Encryption Lawsuit Filed — In late February, U.C. Berkeley graduate student Daniel Bernstein, with the support of the Electronic Frontier Foundation, filed suit against the U.S. State Department over the publication of an encryption program called "Snuffle." As has been illustrated with the recent legal history of the PGP algorithm and the Clipper chip, the State Department currently classifies encryption software as a munition subject to tight export restrictions; however, Bernstein feels the government is violating his First Amendment rights by preventing him from publishing his work.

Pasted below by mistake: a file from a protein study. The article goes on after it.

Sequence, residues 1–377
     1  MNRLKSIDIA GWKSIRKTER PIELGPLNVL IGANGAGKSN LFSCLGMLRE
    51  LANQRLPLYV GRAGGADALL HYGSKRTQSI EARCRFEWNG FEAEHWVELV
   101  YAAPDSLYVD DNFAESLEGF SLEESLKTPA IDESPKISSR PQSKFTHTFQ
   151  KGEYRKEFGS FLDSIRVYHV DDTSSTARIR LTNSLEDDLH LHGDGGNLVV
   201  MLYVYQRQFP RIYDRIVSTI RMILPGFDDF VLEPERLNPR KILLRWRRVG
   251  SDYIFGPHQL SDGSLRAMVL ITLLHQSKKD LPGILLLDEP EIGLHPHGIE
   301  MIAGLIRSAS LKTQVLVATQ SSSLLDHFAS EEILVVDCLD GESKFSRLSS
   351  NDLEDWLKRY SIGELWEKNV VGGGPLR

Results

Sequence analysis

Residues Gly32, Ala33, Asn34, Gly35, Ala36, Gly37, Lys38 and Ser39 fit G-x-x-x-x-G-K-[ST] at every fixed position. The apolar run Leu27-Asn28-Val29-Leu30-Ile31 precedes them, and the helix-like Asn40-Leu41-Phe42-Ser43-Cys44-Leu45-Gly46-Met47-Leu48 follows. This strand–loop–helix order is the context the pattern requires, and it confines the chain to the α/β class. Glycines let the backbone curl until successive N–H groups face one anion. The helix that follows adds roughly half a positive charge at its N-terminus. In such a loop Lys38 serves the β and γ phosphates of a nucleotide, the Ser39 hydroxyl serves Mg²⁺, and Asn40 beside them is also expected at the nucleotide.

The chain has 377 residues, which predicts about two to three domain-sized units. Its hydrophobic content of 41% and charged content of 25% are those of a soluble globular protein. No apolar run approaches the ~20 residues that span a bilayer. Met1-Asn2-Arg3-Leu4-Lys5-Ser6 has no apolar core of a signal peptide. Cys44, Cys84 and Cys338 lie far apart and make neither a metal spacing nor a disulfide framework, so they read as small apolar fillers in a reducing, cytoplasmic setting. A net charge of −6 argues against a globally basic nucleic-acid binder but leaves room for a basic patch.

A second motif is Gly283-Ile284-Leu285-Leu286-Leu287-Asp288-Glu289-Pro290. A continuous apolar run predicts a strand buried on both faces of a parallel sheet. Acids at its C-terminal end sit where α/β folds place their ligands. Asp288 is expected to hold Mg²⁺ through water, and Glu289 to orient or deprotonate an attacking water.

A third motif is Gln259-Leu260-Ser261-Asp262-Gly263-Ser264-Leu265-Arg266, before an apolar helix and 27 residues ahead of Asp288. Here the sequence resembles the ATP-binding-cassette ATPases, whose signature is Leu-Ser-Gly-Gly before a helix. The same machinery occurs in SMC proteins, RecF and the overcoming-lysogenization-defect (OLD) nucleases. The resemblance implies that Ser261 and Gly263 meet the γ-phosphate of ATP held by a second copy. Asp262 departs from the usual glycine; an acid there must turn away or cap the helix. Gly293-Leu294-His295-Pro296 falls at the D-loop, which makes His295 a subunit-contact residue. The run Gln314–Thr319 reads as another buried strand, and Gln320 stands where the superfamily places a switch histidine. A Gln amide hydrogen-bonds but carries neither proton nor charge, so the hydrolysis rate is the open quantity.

Computer privacy experts are taking the position that this suit could help define major issues surrounding encryption and privacy issues in the computer industry. The Federal government holds that allowing unregulated access to cryptography benefits terrorists, drug traffickers, and other criminals, effectively granting immunity to whole segments of criminal activity. Privacy advocates counter that the right to privacy outweighs law enforcement needs and that limits to the range of law enforcement have always been fundamental to U.S. law. "It would be much easier to crack down on drug dealers or terrorists if we allowed torture, or if we prohibited a jury trial," said John Gilmore, a board member of the EFF. You can check out the EFF’s information in EFFector Online, or at the EFF Web site. [GD]